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Alkaloids, Pharmaceutical Analysis of

Pharmaceuticals and Drugs

  1. R.K. Gilpin1,
  2. C.J. Hann2

Published Online: 15 SEP 2006

DOI: 10.1002/9780470027318.a1902

Encyclopedia of Analytical Chemistry

Encyclopedia of Analytical Chemistry

How to Cite

Gilpin, R. and Hann, C. 2006. Alkaloids, Pharmaceutical Analysis of. Encyclopedia of Analytical Chemistry. .

Author Information

  1. 1

    Wright State University, Dayton, USA

  2. 2

    Solutia Inc., St. Louis, USA

Publication History

  1. Published Online: 15 SEP 2006

This is not the most recent version of the article. View current version (10 JAN 2014)

Abstract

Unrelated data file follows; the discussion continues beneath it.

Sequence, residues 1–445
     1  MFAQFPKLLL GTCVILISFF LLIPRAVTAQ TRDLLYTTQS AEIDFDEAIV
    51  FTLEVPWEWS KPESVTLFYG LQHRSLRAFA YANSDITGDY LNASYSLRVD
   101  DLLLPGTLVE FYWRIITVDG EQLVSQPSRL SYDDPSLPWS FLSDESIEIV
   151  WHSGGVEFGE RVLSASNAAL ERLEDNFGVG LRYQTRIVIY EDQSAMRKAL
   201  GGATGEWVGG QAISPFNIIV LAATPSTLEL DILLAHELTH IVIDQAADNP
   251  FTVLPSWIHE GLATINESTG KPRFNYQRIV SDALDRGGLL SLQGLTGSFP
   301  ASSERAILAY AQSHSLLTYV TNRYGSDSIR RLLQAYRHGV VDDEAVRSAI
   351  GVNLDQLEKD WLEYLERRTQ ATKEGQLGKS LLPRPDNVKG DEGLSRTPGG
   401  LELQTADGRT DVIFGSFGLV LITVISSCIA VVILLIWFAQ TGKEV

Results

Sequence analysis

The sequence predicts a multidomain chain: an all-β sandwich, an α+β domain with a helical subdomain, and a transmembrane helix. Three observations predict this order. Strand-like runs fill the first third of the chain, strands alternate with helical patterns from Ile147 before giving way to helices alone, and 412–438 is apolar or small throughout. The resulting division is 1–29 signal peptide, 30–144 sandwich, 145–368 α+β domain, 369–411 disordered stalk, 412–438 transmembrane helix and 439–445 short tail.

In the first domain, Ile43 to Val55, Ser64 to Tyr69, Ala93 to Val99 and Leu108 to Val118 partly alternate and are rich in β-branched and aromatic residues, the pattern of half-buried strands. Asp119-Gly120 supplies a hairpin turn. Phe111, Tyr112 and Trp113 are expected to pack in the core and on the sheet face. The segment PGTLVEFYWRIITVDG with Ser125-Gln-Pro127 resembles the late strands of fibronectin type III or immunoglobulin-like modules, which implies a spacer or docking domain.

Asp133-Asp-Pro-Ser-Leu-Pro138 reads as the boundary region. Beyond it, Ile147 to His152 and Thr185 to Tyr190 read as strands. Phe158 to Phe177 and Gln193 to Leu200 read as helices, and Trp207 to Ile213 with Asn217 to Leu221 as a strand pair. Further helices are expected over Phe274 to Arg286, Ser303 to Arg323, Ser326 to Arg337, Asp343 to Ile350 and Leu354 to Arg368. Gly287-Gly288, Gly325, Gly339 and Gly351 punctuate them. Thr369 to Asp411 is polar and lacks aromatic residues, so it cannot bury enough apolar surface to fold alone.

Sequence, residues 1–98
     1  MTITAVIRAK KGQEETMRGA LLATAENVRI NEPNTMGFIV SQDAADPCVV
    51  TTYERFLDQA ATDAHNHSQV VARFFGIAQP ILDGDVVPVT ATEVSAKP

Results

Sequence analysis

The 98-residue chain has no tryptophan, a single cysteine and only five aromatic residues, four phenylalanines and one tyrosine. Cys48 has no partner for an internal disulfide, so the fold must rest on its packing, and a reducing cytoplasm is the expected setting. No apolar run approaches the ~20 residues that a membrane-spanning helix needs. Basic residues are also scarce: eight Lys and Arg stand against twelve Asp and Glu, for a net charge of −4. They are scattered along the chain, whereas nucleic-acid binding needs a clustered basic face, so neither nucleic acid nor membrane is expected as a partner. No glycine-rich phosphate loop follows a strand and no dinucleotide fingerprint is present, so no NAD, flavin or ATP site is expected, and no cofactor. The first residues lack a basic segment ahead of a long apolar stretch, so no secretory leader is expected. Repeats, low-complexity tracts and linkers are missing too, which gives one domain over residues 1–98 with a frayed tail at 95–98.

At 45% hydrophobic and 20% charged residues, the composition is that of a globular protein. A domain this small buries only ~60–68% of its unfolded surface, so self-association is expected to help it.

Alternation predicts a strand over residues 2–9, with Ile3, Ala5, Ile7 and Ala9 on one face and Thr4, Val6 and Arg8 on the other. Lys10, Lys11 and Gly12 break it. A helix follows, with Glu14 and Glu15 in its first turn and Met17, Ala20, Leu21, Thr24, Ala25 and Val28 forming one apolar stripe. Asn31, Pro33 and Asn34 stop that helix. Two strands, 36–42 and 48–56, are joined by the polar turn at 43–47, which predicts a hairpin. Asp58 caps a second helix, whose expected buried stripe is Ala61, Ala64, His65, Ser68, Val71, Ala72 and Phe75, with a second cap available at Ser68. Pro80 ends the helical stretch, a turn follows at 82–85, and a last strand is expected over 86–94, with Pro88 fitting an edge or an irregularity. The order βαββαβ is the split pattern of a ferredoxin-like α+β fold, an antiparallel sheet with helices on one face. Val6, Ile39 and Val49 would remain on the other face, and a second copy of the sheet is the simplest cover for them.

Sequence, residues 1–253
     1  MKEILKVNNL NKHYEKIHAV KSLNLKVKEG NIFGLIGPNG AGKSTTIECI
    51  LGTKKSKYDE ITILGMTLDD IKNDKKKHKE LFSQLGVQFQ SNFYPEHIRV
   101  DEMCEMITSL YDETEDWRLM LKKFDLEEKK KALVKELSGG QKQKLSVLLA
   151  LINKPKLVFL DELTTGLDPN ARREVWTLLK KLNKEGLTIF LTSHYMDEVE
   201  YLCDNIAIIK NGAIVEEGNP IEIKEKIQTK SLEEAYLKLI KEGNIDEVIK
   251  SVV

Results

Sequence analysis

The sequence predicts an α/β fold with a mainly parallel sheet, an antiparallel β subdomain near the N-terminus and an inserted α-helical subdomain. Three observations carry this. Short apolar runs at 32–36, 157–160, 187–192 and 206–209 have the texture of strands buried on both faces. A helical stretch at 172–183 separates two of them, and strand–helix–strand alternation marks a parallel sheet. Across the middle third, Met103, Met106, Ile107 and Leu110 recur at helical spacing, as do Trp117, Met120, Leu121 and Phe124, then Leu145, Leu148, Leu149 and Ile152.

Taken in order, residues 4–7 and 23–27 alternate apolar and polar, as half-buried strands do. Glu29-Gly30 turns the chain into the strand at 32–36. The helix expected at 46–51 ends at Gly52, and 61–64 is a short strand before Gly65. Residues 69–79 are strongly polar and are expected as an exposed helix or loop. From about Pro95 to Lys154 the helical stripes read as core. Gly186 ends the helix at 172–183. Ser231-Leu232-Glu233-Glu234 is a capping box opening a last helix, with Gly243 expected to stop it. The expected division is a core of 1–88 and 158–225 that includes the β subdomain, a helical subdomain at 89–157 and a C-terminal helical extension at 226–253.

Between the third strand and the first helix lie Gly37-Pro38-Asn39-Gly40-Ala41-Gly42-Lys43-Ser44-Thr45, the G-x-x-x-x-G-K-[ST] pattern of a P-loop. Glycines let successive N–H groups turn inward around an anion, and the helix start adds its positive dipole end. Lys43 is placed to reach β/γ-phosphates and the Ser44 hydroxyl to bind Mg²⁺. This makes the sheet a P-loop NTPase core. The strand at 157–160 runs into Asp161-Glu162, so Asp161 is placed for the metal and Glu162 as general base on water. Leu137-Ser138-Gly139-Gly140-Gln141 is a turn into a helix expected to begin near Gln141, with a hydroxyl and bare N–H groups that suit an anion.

Although alkaloids are naturally occurring bases, additional generalizations are difficult because they include a wide range of structurally dissimilar compounds. They vary greatly in their chemical and physical properties as well as in their distribution in nature. In some cases certain alkaloids are associated with only a single species of plant, whereas others are more widely distributed between biological groupings of plants, and yet others are found in a wide range of unrelated plants. Likewise, the concentration of a particular compound may be highly localized within a given region of one plant and found predominantly in a different region of another plant. In some cases the levels of an alkaloid may be relatively high and its isolation as a natural product may be economically feasible, whereas in other cases the levels may be extremely low and less commercially desirable. The medicinal use of alkaloids in the form of crude plant extracts has been known for several thousand years and today there are hundreds that have been isolated and characterized. However, very few of them are accepted therapeutically and many of these fit into the broad categories of cinchona, ergot, opium, rauwolfia, tropane, vinca and xanthine alkaloids.